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A new tool to assess understanding of Down syndrome screening information presented by midwives

02 November 2019
13 min read
Volume 27 · Issue 11



To identify factors that could influence women's understanding of Down syndrome (DS) screening information presented by midwives.


Current literature was scrutinised. Components that could influence women's understanding were identified and a new framework was developed and refined. Measures were selected and developed to create a tool to assess the framework.


A new framework and assessment tool, measuring understanding of screening information and communication (MUSIC), was developed to assess women's understanding of DS screening information, their cognitive status and the midwives' communicative style.


This framework is the first of its kind, encompassing both women's cognitive status and midwife communication as an influence on women's understanding. Applying the framework and tool could inform midwifery practice by providing an insight into whether, to what extent and how, cognitive status influences understanding of DS screening information, the importance of tailoring information to each woman and highlighting areas of communication that are most effective.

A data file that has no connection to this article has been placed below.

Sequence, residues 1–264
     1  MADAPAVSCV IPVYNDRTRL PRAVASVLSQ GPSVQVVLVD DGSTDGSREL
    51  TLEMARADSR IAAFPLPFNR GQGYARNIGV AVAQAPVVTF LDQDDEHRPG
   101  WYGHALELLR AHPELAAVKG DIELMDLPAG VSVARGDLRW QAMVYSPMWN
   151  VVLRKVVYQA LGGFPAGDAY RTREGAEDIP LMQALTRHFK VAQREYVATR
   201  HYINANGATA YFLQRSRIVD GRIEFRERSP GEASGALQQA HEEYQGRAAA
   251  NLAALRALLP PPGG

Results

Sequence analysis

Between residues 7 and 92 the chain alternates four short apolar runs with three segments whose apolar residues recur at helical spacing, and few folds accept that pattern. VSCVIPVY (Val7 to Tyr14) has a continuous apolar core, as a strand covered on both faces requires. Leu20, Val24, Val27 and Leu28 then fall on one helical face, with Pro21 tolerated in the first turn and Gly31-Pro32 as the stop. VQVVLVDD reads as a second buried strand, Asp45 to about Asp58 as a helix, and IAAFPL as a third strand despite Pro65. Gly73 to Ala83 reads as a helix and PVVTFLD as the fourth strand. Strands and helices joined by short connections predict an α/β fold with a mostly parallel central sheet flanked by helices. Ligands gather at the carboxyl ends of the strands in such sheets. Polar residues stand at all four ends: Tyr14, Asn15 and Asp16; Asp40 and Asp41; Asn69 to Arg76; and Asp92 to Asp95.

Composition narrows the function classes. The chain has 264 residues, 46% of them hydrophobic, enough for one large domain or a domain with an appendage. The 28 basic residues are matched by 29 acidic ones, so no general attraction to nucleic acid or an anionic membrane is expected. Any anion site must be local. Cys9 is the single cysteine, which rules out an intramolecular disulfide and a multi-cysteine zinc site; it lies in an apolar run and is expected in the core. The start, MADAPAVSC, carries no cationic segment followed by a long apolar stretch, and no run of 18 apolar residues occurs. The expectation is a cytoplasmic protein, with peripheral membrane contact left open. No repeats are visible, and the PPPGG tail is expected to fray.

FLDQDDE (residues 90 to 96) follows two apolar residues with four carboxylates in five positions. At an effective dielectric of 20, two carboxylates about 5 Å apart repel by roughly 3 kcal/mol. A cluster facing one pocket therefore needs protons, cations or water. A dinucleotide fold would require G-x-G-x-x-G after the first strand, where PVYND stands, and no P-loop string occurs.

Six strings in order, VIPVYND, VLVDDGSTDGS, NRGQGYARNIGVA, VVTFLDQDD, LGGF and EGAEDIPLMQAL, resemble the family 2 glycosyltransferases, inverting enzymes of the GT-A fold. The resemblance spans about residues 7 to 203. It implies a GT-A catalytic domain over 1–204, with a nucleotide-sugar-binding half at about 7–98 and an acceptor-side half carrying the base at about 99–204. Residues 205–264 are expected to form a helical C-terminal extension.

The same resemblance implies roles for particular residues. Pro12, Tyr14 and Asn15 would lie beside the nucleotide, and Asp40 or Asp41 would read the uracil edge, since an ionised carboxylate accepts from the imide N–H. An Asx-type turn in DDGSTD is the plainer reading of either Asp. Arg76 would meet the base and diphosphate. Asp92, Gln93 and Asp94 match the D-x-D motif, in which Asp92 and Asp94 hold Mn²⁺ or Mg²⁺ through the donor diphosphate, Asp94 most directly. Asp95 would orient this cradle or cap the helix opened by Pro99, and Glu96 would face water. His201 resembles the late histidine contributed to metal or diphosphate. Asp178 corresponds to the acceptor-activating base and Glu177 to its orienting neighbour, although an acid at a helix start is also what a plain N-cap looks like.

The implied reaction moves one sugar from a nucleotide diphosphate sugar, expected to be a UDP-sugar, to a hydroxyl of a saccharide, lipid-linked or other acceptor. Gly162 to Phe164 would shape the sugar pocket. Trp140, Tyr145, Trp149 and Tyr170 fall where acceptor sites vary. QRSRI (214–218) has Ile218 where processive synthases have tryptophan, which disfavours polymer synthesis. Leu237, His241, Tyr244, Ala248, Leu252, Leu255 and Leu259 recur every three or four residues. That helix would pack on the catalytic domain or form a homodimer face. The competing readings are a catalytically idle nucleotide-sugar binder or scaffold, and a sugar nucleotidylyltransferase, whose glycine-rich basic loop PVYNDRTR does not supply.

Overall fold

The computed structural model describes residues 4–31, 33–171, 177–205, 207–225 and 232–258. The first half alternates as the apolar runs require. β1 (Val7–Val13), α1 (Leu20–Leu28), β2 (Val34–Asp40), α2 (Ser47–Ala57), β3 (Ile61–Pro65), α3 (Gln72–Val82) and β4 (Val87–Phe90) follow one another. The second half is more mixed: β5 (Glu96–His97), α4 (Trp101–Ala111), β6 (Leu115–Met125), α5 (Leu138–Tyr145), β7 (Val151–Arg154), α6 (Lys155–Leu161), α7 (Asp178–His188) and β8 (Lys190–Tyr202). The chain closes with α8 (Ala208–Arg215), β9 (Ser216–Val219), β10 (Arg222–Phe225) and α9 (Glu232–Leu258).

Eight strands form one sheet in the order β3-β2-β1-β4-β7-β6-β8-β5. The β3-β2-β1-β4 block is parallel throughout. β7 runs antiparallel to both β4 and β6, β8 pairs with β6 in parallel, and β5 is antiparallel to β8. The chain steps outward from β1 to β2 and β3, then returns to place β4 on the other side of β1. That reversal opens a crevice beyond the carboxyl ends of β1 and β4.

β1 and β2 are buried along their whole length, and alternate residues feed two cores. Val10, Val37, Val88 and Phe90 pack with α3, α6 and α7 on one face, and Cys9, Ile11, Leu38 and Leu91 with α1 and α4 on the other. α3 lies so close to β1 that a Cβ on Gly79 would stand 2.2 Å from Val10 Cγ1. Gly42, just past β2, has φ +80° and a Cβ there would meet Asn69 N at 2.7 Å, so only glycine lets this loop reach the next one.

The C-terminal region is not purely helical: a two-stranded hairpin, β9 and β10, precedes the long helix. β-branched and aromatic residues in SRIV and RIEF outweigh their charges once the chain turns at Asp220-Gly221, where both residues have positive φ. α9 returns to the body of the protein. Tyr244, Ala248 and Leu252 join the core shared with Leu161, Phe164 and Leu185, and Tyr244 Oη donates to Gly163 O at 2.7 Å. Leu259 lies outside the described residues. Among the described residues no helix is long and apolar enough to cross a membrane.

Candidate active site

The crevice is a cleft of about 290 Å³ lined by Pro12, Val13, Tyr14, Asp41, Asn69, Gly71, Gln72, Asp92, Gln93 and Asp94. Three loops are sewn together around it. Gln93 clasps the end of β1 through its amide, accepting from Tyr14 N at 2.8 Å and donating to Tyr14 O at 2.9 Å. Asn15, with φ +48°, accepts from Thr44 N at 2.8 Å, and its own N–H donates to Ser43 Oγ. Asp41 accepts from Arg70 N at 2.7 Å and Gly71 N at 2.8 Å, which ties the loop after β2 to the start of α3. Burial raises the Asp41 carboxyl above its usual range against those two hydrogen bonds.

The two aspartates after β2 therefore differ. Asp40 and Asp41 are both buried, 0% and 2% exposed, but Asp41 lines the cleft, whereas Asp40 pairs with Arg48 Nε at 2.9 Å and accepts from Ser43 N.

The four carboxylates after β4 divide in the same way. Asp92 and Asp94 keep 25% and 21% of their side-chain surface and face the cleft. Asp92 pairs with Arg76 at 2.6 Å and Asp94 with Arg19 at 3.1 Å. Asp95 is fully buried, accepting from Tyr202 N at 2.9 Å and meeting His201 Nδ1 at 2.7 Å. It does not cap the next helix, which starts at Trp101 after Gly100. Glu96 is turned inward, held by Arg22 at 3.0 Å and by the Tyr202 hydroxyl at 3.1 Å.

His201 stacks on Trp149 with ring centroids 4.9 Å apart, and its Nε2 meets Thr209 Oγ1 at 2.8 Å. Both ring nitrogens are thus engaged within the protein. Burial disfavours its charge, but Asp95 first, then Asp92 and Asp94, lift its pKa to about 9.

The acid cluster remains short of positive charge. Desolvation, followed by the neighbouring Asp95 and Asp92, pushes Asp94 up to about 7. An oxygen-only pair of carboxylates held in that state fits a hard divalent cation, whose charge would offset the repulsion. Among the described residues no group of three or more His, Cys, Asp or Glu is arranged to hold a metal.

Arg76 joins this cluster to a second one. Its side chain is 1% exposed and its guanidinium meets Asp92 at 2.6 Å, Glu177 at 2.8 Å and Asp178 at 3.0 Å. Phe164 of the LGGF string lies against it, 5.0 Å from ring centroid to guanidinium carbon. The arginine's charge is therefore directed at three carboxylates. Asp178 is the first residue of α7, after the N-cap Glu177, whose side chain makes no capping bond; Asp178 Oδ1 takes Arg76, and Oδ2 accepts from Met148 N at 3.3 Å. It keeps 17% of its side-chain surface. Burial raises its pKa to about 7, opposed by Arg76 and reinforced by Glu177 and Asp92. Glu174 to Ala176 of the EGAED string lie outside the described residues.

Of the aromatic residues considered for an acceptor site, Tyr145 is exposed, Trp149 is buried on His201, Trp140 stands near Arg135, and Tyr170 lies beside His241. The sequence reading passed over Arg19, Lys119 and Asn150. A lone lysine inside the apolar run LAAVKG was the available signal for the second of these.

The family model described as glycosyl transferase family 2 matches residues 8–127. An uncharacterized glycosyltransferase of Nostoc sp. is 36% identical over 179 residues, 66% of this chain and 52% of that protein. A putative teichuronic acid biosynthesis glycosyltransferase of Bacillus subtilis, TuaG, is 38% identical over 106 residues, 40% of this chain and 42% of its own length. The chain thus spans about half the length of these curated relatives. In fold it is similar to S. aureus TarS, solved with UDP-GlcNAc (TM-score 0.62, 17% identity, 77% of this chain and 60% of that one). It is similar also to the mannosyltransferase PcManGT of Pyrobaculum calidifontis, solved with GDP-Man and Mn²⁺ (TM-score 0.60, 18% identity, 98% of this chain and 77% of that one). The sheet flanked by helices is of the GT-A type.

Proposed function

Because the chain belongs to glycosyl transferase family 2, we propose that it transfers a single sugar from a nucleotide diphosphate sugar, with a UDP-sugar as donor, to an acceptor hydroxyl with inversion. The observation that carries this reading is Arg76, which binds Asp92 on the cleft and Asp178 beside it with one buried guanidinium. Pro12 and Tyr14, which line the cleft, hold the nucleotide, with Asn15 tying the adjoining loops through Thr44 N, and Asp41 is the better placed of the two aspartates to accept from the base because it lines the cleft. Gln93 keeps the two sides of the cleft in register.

In England, Wales and Scotland, all pregnant women are routinely offered antenatal screening for Down syndrome (DS) at the booking appointment, according to the UK National Screening Committee ([UKNSC], 2007). Screening information should increase knowledge in order for women to make informed decisions (de Jong et al, 2014). However, some women undergo screening even though they have relatively little knowledge of the test or the condition (Dormandy et al, 2006; Skirton and Barr, 2010).

Advances in genetic/genomic technology are revolutionising antenatal screening and the UK NSC, (2016) has recommended introducing non-invasive prenatal testing (NIPT) into the National Health Service (NHS) which is more accurate than current forms of screening (Norton et al, 2015). The way healthcare professionals present information is likely to influence screening uptake. Midwives should counsel women about NIPT in the same way as invasive testing because the tests carry similar diagnostic implications. If midwives can effectively communicate current screening information and support women's informed decision making, then it is anticipated that it will be easier to incorporate NIPT into practice.

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